Weekend reads: Sabotage in the lab; a lab animal database disappears; PACE authors push back

The week at Retraction Watch featured the launch of the greatest journal ever, and a story about the backlash against widely covered research on why men eat more. Here’s what was happening elsewhere:

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11 thoughts on “Weekend reads: Sabotage in the lab; a lab animal database disappears; PACE authors push back”

  1. Regarding the deletion of Academi.edu accounts, I think the same could apply to ResearchGate accounts as this is also a monetized and private company that collect money on the back of its members.

  2. Regarding Khaled Moustafa’s assertion that formatting is onerous to authors prior to submission, the editors use the media format to guide their own review. An editor that has to wade through whatever format the author has chosen to submit is less likely to consider the merits of the submission than another submission that requires less effort to shoehorn into the journal’s guidelines.

  3. Actually, playing a bit with the different LaTeX styles is so relaxing. I love the moment when the manuscript is finally ready: references have been double checked, pics and captions as well, all the coauthors read it for the last time. You have already agreed upon the journal you are submitting to, but just to postpone the last and final moment, you check how the manuscript would have looked like with another outfit…

    1. Then you find out the journal you are trying to submit to demands submissions in Word, formatted to their specific niche style of course, and throw your computer out the window.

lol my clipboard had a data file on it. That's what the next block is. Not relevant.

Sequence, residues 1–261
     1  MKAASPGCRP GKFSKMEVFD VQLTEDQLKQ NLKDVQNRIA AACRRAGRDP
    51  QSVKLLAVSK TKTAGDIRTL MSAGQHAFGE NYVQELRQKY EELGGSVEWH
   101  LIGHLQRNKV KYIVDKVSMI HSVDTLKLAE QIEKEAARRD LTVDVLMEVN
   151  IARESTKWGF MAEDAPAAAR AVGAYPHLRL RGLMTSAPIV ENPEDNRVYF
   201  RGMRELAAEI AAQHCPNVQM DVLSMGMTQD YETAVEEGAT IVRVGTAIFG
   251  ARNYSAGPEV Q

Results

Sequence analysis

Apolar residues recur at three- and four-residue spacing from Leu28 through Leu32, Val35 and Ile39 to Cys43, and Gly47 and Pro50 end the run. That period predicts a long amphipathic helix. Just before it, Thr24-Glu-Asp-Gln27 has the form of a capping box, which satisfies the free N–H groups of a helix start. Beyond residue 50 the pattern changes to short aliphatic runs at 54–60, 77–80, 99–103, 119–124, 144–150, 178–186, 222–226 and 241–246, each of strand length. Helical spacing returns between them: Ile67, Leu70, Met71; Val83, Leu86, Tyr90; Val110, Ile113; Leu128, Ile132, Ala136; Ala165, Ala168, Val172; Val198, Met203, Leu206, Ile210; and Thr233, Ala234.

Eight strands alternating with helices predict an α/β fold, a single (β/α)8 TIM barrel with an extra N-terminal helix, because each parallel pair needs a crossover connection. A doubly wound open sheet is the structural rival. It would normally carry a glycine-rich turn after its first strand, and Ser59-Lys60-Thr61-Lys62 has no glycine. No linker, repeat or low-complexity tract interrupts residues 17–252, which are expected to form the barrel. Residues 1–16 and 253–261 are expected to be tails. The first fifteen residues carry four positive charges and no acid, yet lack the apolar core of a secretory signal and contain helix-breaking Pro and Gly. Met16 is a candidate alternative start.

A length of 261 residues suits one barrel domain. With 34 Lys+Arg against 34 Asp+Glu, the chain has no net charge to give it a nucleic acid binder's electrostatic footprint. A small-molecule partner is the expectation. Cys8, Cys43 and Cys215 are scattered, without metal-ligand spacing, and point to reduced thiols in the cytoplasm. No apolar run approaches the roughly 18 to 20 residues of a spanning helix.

1. Just don’t submit to such journals: the more people boycott such unadapted relics, the faster they will become extinct 😉

        1. Doing so limits severely the number of medical journals one is willing to submit to and will lead to some rather unhappy co-authors.

  4. That sabotage in the lab should be a felony, it’s beyond misdemeanor. It’s an assault on the professional life of Teodora Ross, not merely a waste and squander of valuable resources.
    Every lab should watch out for this possibility.

  5. Regarding the article by Thaler & Karas (“Poor supervision is not available as the basis for a research misconduct finding”), I fundamentally disagree.

    The authors state the following… “unless the accused scientist himself/herself, actually engaged in fabrication, falsification or plagiarism, there can be no finding of research misconduct”.

    This ignores the role of a supervisor or PI in KNOWINGLY permitting an underling (trainee) to engage in such practices. Holding a federal grant, and allowing people in your lab to commit misconduct, does not absolve one of culpability. If you create an environment conducive to misconduct, you’re just as much to blame as the minions who partake of it.

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